Supreme Court Strikes Down Chicago’s Plan To Fix Its Pensions | WBEZ
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Supreme Court Strikes Down Chicago’s Plan To Fix Its Pensions

The Illinois Supreme Court ruled unanimously, 5-0, Thursday to strike down a law that would overhaul two of Chicago’s financially-struggling pension systems. Two justices did not take part in the decision. 

The ruling marks the second time in two years that Illinois justices have handed labor unions a major victory on the issue of pension reform. Justices have rejected plans passed by Illinois lawmakers and former Gov. Pat Quinn that were designed to address the underfunded pension accounts by reducing retirement benefits for public employees. In 2015, the Illinois justices struck down the state’s attempt to change pension benefits for state employees.

In explaining the court’s decision, Justice Mary Jane Theis lectured both the State of Illinois and the City of Chicago for not properly funding the pension accounts, even though the governments have known it was a responsibility since the Constitution was updated in 1970.

“The General Assembly and the City have been on notice since the ratification of the 1970 Constitution that the benefits of membership must be paid in full, and that they must be paid without diminishing or impairing them,” Theis wrote.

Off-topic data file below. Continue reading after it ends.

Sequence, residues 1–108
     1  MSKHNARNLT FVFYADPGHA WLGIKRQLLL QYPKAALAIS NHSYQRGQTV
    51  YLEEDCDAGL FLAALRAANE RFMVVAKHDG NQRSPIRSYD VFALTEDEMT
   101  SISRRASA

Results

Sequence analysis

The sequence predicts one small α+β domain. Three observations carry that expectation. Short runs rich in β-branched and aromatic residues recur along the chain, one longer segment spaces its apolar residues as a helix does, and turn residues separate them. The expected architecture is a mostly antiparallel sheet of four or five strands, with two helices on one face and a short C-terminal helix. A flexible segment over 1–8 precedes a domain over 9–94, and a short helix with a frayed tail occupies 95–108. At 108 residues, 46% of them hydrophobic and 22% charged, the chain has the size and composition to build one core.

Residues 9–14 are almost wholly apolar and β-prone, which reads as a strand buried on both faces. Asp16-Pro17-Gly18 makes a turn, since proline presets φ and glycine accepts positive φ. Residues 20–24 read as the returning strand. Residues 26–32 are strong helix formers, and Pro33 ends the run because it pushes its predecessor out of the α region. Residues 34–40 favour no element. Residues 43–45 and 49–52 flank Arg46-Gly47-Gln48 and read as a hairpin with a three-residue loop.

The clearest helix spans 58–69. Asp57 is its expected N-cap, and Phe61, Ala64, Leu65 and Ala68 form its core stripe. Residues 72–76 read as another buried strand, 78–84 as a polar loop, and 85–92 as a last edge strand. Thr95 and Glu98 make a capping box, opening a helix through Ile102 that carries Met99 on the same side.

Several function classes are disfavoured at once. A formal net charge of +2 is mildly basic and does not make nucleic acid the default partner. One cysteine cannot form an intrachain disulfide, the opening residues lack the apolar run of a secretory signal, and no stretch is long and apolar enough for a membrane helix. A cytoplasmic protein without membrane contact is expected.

The changes to the two city funds, which were pushed by Chicago Mayor Rahm Emanuel and approved by state lawmakers in 2014, would have scaled back retirement benefits and required City Hall to pump more money into the troubled pension funds for laborers and municipal workers. In court filings, attorneys for the City of Chicago argued the municipal fund has just 37 percent of the money it will need to pay those retirement benefits in the future, while the fund for laborers will have just over half the money it will need. 

Attorneys have said the funds will run out of money in 13 years. Corporation Counsel Stephen Patton told justices that if they upheld the law, they would ensure the retirement benefits for city employees would continue to exist, therefore guaranteeing employees will even have a retirement on which to rely.

But Justice Theis wrote that argument does not hold constitutional water.

“Although we recognize that fiscal soundness is important, the General Assembly may not utilize an unconstitutional method to achieve that end,” Theis wrote.
Supreme Court Justice Lloyd Karmeier wrote a similar statement in rejecting arguments from attorneys representing the State of Illinois, who tried to defend a different law that would have reduced the pension benefits of employees of the State of Illinois. “Crisis is not an excuse to abandon the rule of law. It is a summons to defend it,” Karmeier wrote in that previous decision.